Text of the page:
Why voting still matters


American Flag image by Emma Reider

It’s that time again: a presidential election is just around the corner. Every four years, the nation finds itself on the cusp of a threshold as it collectively decides who will lead our nation.


For Salisbury University students and other college students across the nation, a presidential election is a chance to make our voices heard.


However, historically, the voter turnout among college students has been low. According to a study from Tufts University, in the 2016 presidential election, voter turnout among college-age students was 48.3%. That is up 3% from the college student voter turnout in 2012, but it still means that less than half of college students are voting in presidential elections.


So why is it so important to vote?


The first reason is that if you vote, you have the opportunity to shape the political landscape of the future. By voting for one candidate or another, you are showing your support for that candidate’s policies or proposed policies.


Your influence may seem small — after all, one person gets only one vote — but nonetheless, by voting for a presidential candidate, you are providing your own political input, contributing to what potentially changes our country in the next four years.


Second, voting is a privilege. We live in a democracy, so we, provided that we’re adult citizens who are registered to vote, have the chance to cast our vote for who we want to see in office. In other countries with different political systems, residents may not have the choice of picking their leaders.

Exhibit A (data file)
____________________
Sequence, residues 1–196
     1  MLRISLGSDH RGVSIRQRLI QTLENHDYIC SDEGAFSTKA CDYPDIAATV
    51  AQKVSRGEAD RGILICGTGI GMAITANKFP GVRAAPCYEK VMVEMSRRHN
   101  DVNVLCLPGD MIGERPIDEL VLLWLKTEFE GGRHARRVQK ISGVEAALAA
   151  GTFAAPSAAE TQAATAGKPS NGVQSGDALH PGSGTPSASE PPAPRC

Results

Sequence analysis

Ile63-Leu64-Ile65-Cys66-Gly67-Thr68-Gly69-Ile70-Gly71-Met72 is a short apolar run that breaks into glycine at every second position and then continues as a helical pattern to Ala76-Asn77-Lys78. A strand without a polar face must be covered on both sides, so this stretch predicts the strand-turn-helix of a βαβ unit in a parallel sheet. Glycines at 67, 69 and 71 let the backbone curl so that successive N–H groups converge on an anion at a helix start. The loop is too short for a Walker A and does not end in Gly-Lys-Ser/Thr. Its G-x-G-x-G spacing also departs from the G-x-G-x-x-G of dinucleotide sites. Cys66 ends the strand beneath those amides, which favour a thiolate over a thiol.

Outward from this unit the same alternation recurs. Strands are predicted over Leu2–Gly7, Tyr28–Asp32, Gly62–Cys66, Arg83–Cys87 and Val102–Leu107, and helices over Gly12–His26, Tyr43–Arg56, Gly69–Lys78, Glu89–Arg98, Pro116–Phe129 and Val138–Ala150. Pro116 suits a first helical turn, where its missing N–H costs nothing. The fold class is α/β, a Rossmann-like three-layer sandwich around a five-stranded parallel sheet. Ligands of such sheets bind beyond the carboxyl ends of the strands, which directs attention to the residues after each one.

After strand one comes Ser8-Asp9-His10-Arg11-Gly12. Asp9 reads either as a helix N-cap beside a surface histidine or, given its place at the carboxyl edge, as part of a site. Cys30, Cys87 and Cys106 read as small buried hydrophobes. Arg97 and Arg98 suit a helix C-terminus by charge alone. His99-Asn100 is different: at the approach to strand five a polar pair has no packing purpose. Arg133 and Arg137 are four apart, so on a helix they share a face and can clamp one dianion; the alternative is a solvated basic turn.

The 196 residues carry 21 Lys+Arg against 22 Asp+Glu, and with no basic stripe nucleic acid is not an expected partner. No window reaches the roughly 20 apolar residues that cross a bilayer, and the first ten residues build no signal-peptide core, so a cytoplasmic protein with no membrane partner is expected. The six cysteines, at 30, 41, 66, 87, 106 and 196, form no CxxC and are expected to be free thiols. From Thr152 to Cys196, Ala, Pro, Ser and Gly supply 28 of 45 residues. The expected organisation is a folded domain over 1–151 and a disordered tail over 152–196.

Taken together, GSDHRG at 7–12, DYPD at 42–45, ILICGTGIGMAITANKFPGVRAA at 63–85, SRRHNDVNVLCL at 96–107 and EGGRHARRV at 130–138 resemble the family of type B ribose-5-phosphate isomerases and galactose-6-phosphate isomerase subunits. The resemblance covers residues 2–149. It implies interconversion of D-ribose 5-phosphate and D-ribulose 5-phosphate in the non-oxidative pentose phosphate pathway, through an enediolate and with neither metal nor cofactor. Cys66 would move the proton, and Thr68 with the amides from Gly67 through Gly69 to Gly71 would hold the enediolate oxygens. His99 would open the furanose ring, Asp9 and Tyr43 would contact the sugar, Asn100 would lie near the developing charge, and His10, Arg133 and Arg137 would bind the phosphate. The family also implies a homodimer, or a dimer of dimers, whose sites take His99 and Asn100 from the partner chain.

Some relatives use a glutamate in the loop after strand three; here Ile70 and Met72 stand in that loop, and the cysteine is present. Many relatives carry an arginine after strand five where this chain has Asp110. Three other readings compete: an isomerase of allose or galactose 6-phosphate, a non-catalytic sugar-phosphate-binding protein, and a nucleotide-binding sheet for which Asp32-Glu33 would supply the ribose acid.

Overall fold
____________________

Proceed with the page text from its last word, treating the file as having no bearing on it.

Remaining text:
If you think voting isn’t important, remember, there are other people in the world who are not even given the choice or opportunity to vote.


Historically, this has also been the case. Voting has not been available to all adult U.S. citizens for the entirety of this nation’s history. At the time the U.S. was founded, only white, land-owning men age 21 and above could vote.

Gradually, more groups gained the right to vote. For example, the famous Nineteenth Amendment, ratified in 1920, gave women the right to vote, and the Indian Citizenship Act gave Native Americans citizenship and the right to vote in 1924. Additionally, the Voting Rights Act of 1965 barred racial discrimination in voting practices.


It wasn’t even until 1971, about 50 years ago, that the Twenty-Sixth Amendment lowered the legal voting age to 18. It used to be 21.


Think of it this way: significant improvements have been made to increase the accessibility of voting rights to different groups among the population. If you weren’t a white male of at least moderate social status, during the founding of this nation, you wouldn’t be able to vote.


Throughout history, people have fought for voting rights. Activists who may have seemed radical at the time paved the way for you to be able to choose your elected officials.

Don’t let those activists’ efforts go to waste.


Even if your contribution to picking our elected officials, like our president, seems small, it’s still worth something. You can vote and, you can make a difference.


Voting is the primary way to make your political voice heard. It’s an opportunity to shape the future of this country. Your vote will help determine the political future of the United States for next four years, so don’t be silent at this crucial time.


Take some time to consider the issues that matter to you, research the candidates’ positions on these issues and vote accordingly. After all, you have unique, passionate opinions — it’s time to let those opinions be heard.


You have the ability to affect the future of this country. Take on that responsibility and handle it with care.


By ALLISON GUY

Editor-in-Chief

Featured photo by Emma Reider

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